|May. 21st, 2005 11:23 pm 2002: "Star Wars Episode II Attack of the Clones"|
To appreciate a "Star Wars" movie, one merely has to return to the thrilling days of yesterday when "Flash Gordon conquers the Universe" and Bela Lugosi controlled "The Phantom Creeps." The average Star Wars ticket buyer does not camp out for six months on a park bench or wears costumes to the grand opening. Leave a comment
The criticism of "Star Wars Episode II Attack of the Clones" is the same criticism leveled to the original "Star Wars" from twenty five years ago. The acting is wooden and the dialog is atrocious. However the special effects are creative and bravado action sequences save the day.
The narrative of "Episode II" concerns itself with the inner corruption of Anakin Skywalker (Hayden Christensen), the future Darth Vader and the father of the heroes from Star Wars Episodes IV, V & VI. The subplot concerns itself with the political rise of Palpatine (Ian McDiarmid) and his secret plan to develop a clone army for Galaxy security.
Three years ago when Producer Director George Lucas was asked about "Episode II," he claimed it was going to be a love story. There are plenty of scenes with Anakin and Padme Amidala (Natalie Portman) making goo goo eyes at each other in beautiful locations. Just like the thrilling days of yesteryear, these love scenes best serve as a cue to leave the theatre and buy some popcorn.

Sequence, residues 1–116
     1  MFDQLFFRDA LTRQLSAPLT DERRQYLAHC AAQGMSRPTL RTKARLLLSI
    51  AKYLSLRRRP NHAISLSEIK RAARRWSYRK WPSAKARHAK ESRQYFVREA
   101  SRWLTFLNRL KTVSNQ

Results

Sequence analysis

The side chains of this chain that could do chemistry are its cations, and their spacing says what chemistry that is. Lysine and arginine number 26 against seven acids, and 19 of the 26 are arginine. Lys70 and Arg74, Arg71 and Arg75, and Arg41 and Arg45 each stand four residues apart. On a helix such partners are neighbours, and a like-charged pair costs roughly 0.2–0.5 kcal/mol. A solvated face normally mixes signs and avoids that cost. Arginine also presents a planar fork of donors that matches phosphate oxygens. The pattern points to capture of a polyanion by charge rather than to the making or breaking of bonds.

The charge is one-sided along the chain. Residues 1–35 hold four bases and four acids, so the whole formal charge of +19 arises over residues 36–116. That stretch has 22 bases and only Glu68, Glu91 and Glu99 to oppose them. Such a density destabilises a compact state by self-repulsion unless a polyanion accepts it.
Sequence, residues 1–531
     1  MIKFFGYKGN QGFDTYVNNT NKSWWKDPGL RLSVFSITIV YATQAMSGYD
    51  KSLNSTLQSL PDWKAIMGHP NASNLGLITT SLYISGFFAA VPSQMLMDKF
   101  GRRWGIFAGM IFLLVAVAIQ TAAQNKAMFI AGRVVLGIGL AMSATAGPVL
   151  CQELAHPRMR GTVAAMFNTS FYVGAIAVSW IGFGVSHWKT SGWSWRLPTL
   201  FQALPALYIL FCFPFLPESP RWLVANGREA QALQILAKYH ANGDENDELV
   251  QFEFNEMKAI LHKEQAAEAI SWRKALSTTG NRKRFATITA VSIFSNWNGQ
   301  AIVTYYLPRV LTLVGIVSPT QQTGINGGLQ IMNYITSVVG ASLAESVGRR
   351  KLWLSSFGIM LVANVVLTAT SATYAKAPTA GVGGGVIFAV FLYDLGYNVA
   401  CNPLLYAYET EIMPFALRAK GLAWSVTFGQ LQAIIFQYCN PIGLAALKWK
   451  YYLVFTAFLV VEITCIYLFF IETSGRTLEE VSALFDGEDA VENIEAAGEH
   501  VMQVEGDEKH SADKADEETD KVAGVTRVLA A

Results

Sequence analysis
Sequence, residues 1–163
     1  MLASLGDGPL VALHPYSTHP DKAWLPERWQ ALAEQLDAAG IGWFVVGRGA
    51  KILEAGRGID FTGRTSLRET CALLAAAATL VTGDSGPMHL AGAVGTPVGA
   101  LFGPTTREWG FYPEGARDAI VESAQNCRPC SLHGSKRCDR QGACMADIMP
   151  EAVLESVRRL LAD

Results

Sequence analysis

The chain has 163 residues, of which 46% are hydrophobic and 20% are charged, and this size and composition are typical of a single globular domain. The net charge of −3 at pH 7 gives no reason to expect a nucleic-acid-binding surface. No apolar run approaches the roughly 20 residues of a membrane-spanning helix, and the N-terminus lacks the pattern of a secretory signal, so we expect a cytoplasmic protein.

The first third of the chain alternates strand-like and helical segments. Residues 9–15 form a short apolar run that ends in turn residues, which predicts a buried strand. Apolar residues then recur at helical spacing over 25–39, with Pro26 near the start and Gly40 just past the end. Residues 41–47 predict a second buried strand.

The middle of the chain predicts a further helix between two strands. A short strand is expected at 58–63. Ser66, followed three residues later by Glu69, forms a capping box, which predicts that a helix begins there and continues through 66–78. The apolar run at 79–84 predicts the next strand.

This new "Star Wars" lives up to the media hype when Count Dooko (Christopher Lee) enters the scene and provides more villainous challenges for our heroes. The final one third of this movie is worth the Saturday Matinee price and features incredible visuals involving spectator sports, giant monsters and the Jedi prowess of Master Yoda that has to be seen to be believed.
What makes these "Star Wars" movies so special is George Lucas' attention to detail. Casting Christopher Lee provides a seal of approval to cinema monster mavens. Lee had worked with Boris Karloff and Vincent Price and is considered the last King of Cinematic Horror. While Lee has crossed swords with both Burt Lancaster and Errol Flynn, his final duel at the end of this movie may be his most memorable. Not bad for an actor who turns eighty on Memorial Day weekend.
In three years "Star Wars" creator George Lucas plans to release his final "Star Wars" movie. Lucas has said that "Episode III" will be the darkest "Star Wars" yet, where we witness Anakin's conversion into Darth Vader. While Lucas can use a writer for the dialog sequences, "Star Wars Episode II Attack of the Clones" provides the firm foundation to the grand finale of the "Star Wars" saga.